Select Committee on Office of the Deputy Prime Minister: Housing, Planning, Local Government and the Regions Minutes of Evidence

Examination of Witness(Questions 460-479)



  460. We want to encourage regions to develop their economies and bring in their own job opportunities. The policies that we seem to be approaching now do not back up the housing needs required in those areas. If we are to transfer £15 million from housing provisions in the North to the South, I think that that is a disadvantage to helping regional development. If we want to be sincere about these developments, we need to back that up with provision. Do you agree?
  (Lord Rooker) Yes, I do. But I want to get rid of it or knock it on the head, although I may want to take further advice on this. We have not robbed housing provision in the North for the South. As was made absolutely clear, there was a technical transition. The money was put back and this year every region will gain, even though we have top-sliced the £200 million Challenge Fund for London and the South East. You are quite right, there has to be a programme in the Midlands and the North of the country, and there will be a programme, but that has to be tied in with the other issue that is not a phenomenon in London and the South East and that is of large-scale, massive housing abandonment and total collapse of housing markets in areas where people are trapped in dwellings. They may have a mortgage of £89,000 and the dwelling is worth £2,000. There is absolute collapse. We have to deal with that and that is why we set up the nine pathfinder areas to find ways of achieving that.


  461. Who is to manage the housing market renewal fund?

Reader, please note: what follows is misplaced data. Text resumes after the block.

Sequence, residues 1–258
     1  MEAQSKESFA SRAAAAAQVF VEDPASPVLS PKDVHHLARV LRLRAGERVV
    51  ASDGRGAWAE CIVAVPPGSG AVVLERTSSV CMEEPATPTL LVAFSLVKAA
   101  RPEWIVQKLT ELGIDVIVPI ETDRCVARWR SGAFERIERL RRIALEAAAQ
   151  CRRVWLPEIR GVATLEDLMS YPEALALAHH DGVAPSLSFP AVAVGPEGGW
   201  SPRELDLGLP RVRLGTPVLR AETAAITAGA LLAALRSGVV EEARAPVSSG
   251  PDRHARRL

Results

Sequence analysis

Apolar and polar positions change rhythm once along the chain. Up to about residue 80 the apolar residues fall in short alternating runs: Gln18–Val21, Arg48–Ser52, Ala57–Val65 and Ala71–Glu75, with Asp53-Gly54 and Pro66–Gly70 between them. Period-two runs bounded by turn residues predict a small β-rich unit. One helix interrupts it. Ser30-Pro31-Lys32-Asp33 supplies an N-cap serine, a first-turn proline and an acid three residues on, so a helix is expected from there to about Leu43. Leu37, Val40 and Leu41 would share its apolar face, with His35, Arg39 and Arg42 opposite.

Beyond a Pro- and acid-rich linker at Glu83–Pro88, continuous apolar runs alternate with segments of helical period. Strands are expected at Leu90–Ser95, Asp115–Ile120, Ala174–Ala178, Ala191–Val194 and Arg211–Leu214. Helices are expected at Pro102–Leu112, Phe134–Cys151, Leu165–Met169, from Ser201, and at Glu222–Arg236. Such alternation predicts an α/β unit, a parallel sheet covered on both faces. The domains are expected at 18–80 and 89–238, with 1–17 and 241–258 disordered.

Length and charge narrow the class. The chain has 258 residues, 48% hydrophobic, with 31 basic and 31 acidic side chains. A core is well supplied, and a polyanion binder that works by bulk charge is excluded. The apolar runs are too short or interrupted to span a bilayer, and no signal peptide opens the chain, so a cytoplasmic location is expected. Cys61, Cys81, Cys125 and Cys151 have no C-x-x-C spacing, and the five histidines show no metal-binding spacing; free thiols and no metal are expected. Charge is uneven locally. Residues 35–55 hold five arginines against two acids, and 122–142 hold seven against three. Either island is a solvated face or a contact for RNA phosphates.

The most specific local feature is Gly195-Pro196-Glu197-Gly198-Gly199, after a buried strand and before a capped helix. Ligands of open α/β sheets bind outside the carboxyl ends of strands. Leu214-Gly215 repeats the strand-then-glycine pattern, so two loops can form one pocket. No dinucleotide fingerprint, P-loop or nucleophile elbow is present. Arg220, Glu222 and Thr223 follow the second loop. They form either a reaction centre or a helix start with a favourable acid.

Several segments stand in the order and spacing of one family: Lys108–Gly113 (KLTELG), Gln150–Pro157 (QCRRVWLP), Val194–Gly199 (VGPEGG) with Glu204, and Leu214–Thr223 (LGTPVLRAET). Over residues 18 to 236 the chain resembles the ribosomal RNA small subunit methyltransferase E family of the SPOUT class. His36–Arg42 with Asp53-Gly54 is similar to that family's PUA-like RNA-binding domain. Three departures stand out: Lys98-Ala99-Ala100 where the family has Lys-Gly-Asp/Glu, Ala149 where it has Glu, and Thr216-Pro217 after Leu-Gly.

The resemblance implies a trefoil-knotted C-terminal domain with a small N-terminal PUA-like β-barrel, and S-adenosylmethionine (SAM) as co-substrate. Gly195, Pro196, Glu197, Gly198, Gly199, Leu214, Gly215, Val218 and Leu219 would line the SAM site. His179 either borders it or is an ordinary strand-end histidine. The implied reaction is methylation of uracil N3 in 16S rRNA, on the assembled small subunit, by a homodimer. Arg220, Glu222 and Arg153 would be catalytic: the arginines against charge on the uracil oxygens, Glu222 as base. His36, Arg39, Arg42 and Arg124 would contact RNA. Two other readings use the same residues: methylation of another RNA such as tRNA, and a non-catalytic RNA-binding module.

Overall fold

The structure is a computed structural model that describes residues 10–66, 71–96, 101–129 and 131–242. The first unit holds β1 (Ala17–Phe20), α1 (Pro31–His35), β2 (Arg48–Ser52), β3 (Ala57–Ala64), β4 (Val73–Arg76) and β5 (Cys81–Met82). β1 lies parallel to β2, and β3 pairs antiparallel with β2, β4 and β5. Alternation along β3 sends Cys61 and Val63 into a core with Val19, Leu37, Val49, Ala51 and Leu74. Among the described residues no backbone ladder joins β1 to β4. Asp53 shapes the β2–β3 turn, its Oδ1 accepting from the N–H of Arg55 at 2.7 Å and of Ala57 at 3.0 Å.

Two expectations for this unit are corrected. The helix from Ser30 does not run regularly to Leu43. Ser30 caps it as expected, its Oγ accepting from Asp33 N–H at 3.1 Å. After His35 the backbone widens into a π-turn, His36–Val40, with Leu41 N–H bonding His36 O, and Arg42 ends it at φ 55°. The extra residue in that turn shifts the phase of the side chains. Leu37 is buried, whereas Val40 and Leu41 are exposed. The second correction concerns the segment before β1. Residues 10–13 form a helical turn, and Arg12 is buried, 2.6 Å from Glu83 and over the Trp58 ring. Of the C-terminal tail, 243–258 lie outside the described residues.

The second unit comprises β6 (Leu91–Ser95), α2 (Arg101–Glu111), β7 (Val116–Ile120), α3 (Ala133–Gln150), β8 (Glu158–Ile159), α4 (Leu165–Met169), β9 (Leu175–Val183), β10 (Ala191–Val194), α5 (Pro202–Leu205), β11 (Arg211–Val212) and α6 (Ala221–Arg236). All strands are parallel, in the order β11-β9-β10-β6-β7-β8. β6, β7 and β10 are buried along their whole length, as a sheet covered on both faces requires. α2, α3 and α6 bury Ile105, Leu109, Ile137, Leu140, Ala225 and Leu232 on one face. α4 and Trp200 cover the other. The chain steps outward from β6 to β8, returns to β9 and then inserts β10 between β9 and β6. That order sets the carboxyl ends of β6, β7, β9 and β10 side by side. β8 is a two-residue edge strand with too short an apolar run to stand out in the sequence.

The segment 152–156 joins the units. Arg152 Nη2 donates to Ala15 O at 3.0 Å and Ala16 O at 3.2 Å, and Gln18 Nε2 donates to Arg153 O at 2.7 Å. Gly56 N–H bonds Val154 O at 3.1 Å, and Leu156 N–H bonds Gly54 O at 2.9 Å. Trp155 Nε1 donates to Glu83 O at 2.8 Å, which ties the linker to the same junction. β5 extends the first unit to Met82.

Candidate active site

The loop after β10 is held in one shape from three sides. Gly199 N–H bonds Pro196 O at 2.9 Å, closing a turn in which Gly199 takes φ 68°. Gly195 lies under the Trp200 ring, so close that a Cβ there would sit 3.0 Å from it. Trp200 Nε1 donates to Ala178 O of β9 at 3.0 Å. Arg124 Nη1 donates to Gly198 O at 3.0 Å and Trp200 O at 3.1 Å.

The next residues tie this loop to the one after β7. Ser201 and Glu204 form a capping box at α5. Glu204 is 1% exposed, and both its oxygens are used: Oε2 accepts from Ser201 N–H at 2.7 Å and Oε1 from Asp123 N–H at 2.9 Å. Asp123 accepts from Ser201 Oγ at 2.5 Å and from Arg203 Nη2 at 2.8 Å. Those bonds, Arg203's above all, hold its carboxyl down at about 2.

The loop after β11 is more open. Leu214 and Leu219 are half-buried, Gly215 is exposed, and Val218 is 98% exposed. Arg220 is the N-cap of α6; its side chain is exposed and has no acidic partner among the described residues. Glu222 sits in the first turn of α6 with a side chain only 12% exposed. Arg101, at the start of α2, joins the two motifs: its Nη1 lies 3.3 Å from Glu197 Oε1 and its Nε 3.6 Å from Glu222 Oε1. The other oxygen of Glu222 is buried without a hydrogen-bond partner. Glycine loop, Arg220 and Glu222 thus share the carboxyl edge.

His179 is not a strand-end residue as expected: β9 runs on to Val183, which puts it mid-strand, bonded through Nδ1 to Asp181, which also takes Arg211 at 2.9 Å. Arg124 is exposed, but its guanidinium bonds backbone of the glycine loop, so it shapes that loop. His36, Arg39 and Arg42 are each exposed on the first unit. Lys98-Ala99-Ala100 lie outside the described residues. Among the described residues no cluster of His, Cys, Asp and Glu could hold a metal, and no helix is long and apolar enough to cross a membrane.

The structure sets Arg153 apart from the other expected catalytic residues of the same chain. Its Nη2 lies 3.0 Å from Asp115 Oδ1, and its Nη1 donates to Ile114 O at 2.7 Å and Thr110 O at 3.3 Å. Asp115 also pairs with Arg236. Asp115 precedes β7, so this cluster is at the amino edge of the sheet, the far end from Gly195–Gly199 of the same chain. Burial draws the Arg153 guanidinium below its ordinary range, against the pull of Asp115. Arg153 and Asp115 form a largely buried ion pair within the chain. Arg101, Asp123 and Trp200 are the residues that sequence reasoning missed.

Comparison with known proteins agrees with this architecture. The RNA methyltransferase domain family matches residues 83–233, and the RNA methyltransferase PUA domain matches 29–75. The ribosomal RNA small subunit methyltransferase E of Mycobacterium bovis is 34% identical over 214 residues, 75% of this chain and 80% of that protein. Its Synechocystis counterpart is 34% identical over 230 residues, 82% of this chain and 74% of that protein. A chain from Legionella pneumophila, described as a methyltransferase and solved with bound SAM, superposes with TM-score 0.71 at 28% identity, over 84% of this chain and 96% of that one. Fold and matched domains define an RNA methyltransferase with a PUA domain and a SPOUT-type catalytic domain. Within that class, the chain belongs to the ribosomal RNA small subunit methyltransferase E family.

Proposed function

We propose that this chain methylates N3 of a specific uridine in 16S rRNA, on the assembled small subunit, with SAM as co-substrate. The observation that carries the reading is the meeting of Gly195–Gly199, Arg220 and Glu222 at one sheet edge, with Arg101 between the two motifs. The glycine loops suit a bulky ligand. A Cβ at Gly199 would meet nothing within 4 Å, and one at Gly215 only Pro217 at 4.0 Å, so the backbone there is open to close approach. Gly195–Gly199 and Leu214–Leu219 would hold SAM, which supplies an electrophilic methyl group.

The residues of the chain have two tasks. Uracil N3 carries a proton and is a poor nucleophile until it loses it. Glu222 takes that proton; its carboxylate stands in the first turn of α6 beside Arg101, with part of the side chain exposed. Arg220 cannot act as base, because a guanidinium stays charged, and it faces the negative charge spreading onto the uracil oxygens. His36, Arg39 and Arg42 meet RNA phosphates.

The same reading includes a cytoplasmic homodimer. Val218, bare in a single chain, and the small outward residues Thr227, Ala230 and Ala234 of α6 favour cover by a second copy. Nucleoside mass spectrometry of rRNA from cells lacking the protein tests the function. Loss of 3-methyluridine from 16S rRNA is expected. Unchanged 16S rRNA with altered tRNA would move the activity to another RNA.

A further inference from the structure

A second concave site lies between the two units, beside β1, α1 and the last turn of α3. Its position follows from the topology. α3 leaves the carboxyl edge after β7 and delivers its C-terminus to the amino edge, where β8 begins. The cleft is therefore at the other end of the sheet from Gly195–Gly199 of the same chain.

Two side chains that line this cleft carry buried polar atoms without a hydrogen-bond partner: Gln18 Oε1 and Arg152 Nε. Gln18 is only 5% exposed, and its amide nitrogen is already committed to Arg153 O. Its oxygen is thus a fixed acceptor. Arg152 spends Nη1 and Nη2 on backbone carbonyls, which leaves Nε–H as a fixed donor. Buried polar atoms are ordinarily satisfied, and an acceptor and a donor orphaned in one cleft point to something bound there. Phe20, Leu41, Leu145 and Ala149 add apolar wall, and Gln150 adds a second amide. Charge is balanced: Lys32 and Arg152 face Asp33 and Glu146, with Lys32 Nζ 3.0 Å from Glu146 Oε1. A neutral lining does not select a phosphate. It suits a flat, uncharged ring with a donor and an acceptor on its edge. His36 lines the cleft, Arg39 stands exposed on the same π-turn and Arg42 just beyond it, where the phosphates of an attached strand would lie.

(Lord Rooker) I suppose at the end of the day it will be Ministers. We are looking through the nine pathfinder areas—they are all very different as you can appreciate from looking at the geographical locations—and some have been faster off the mark than others, but it is early days. There have been some difficulties in drawing up boundaries because Members of Parliament have been arguing about not wanting boundaries drawn. We have to be serious about this. There is a real problem and we want to move as fast as we can to get action on the ground as quickly as we can, particularly in 2003 and 2004. On the management of it, we shall set up the partnership arrangements. As I have said, we shall appoint Ministers to have an oversight and a liaison function with the pathfinders so that if hurdles need to be jumped or doors kicked open there is someone in Whitehall if there are difficulties. Each pathfinder area will probably operate in an entirely different way because the problems are different although the endemic thing that affects them all is the abandonment of housing on a large scale.

  462. You will understand the urgency. I think you went to Birmingham?
  (Lord Rooker) Yes, I did.

  463. Some of those streets collapse in a matter of weeks. It is important to get a move on. Is English Partnerships to be involved or not in the pathfinder areas?
  (Lord Rooker) We have changed the remit of English Partnerships and they have a much more pro-active remit for helping us to assemble packages for land and also for working in closer co-operation with the Housing Corporation. We consider English Partnerships and the Housing Corporation to be the two key levers that the department has to pull. As a department, as a Government, we do not build homes, but we have these two well run levers of change. We want them to work more closely together. English Partnerships has an arrangement and the remit for putting together a better idea of the brownfield land in the country in the public and sometimes in the private sector, so that we can plan better and push ahead faster. I cannot say in detail that English Partnerships will be involved in each of the pathfinder areas. It is too early to tell that.